Nursing Reference Center Plus Editorial Policies
"Evidence-based" is a descriptor that is often used to describe health care-related reference resources.
For a clinical reference resource to truly be evidence-based, conclusions must be based on the best available evidence. Conclusions can be based on the best available evidence only if the evidence is consistently and systematically identified, evaluated and selected.
The CINAHL Nursing Guide editorial process adheres to the following strict 7-Step Evidence-based Methodology and protocol:
- Systematically identify the evidence
- Systematically select the best available evidence from that identified
- Systematically evaluate the selected evidence (critical appraisal)
- Objectively reflect the relevant findings and quality of the evidence
- Synthesize multiple evidence reports
- Derive conclusions and recommendations from the evidence synthesis; obtain peer review
- Change the conclusions when new evidence alters the best available evidence
Every article considered for inclusion in the CINAHL Nursing Guide is processed using this system, and the system ensures the integrity of the conclusions.
Step 1: Identify the Evidence
Perform systematic searching
- When adding a new CINAHL Nursing Guide topic or critically revising an existing topic, appropriate databases (MEDLINE, CINAHL and others) are searched to identify the best available evidence. In addition, numerous sources are searched for evidence-based reviews (such as Cochrane Database of Systematic Reviews), for guidelines (such as National Guideline Clearinghouse), and more.
Perform systematic literature surveillance and update schedule
The content is updated as follows:
- Top Priority Content – These articles may be updated frequently as a result of new studies that impact the information contained in the Quick Lesson or Evidence-Based Care Sheets.
- All Other Content – These articles are scheduled for full review within a 12-month period. Articles are rewritten as necessary.
Step 2: Select the Best Available Evidence
Each article is assessed for clinical relevance and each relevant article is further assessed for validity relative to existing CINAHL Nursing Guide content. The most valid articles are used to create the Quick Lessons and Evidence-Based Care Sheets.
Determining clinical relevance is the first consideration in systematically selecting the best available evidence from the literature retrieved. The relevance of information is different for every user. CINAHL Nursing Guide is used in clinical care by nurses with a wide range of experience and interests, and is also used in continuing education. When adding information the following is considered:
- This information has a direct bearing on patient-oriented outcomes.
- This information is useful in clinical decision-making.
- In situations where the evidence does not clearly support or refute a clinical fact, opposing views are presented.
- Some medical information is not clinically relevant, but is widely publicized. Summarization of this type of information (often with commentary) is relevant to the CINAHL Nursing Guide users if it is likely that nurses will be asked about it during clinical encounters. It is important to point out where this type of information is not clinically applicable.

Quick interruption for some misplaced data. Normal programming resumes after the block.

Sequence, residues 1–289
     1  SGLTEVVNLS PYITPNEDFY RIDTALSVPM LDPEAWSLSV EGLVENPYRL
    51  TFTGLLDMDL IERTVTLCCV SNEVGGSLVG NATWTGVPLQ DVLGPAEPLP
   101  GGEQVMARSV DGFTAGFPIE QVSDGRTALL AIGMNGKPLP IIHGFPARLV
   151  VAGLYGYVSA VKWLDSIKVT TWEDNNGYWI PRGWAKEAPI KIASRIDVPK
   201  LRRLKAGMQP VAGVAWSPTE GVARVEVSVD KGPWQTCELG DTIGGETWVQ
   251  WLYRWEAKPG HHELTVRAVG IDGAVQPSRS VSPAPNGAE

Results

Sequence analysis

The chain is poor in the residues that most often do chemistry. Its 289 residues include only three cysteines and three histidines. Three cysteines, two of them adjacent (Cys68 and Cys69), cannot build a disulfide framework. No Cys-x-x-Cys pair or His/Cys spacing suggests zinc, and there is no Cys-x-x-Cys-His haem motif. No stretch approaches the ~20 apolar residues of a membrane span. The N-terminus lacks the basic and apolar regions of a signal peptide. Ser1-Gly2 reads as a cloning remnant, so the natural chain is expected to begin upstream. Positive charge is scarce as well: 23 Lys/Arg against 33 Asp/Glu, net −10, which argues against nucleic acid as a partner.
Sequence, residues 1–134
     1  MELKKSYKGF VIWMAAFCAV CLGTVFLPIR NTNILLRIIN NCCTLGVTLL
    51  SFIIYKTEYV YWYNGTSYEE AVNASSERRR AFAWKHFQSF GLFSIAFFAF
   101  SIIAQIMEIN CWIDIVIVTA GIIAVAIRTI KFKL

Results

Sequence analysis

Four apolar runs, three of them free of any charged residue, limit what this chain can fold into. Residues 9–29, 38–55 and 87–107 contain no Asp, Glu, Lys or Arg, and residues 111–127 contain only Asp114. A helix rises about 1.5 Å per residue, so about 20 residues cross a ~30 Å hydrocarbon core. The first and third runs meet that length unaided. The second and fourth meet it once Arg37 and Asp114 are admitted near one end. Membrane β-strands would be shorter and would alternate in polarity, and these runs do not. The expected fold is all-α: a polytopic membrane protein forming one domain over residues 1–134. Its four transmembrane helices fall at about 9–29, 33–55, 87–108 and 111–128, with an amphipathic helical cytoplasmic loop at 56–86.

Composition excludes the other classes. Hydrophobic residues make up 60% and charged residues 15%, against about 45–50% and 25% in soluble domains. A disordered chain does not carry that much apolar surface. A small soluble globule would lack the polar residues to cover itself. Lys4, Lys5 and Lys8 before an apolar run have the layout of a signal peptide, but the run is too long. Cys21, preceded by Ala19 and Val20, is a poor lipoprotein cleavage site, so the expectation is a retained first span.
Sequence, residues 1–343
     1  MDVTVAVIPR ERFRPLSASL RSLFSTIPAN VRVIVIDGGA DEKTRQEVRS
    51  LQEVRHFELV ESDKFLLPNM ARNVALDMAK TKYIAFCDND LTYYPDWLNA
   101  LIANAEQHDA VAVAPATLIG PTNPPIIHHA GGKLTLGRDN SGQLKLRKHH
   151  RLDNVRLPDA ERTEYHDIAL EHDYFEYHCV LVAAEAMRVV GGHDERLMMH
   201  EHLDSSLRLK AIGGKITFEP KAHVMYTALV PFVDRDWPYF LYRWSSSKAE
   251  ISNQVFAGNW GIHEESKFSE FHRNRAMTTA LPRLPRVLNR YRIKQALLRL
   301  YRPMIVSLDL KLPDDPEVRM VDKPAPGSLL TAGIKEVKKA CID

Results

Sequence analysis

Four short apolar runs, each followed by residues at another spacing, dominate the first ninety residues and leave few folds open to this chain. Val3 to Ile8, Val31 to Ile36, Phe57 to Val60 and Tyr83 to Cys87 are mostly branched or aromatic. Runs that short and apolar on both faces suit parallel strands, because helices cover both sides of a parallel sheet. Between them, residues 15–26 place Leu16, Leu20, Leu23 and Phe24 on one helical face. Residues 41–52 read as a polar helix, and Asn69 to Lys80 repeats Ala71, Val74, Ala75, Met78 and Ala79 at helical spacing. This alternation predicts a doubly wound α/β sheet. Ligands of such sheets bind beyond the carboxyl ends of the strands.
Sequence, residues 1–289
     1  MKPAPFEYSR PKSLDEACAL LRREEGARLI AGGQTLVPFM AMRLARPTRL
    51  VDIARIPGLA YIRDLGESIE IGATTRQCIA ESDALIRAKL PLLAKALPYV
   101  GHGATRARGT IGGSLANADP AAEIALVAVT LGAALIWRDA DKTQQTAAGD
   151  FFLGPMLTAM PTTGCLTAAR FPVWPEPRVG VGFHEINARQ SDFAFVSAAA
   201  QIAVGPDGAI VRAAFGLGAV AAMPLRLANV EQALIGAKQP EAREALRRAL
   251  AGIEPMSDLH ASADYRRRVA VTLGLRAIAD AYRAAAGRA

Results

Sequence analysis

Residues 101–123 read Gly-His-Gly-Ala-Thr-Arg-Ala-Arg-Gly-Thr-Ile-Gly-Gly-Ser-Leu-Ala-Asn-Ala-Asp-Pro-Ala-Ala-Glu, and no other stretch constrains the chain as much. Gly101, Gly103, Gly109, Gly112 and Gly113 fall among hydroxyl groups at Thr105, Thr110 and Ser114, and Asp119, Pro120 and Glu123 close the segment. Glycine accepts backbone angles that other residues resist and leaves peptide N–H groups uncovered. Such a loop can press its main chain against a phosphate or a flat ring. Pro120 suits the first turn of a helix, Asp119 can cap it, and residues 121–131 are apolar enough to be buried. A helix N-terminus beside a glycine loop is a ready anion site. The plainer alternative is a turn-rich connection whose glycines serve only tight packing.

Clinically relevant articles must be assessed to determine the scientific validity of conclusions and facts presented before consideration for use.
Step 3: Evaluate the Evidence (Critical Appraisal)
Examine the article to evaluate the article’s methodologic quality and results and determine its level of evidence.
Reports used for updating CINAHL Nursing Guide represent the best available evidence for the specific content under consideration. Evidence may be labeled in several ways as outlined under Levels of Evidence.
Step 4: Objectively Reflect the Relevant Findings and Quality of the Evidence
When reporting the evidence, the following is considered:
- What are the most relevant outcomes to report in the topic?
- Were all relevant outcomes reported in the original article?
- For relevant outcomes, what is the magnitude of effect?
- Were the findings clinically significant?
- In the case of no statistically significant differences, were the findings robust enough to rule out clinically significant difference?
- Are there any methodologic limitations sufficient to alter reliability of clinical conclusions?
Step 5: Synthesize Multiple Evidence Reports
Evaluate the findings, both positive and negative, from the relevant articles and organize in a systematic fashion.
Step 6: Derive Conclusions and Recommendations from the Evidence Synthesis; Obtain Peer Review
Based on the synthesis of relevant evidence, conclusions about current knowledge are drawn and recommendations for clinical practice are made.
Step 7: Change Conclusions When New Evidence Alters the Best Available Evidence
The final step in our evidence-based methodology is changing conclusions when new evidence alters the best available evidence. This step is crucial because new evidence is published every day. Having new evidence summaries handled separately from reviewed content in a manner requiring the nurse or clinician to search in two locations to synthesize the entire story would make finding the best available evidence more difficult.
As soon as new evidence is evaluated, it is added to the appropriate topic(s) in context. Latest Revision date is provided on papers when a paper has been updated based on best available evidence or when a paper has been revised. Original Document date is the date the paper was first written.
The update surveillance process occurs daily and high use content is reviewed quarterly and all content is reviewed annually.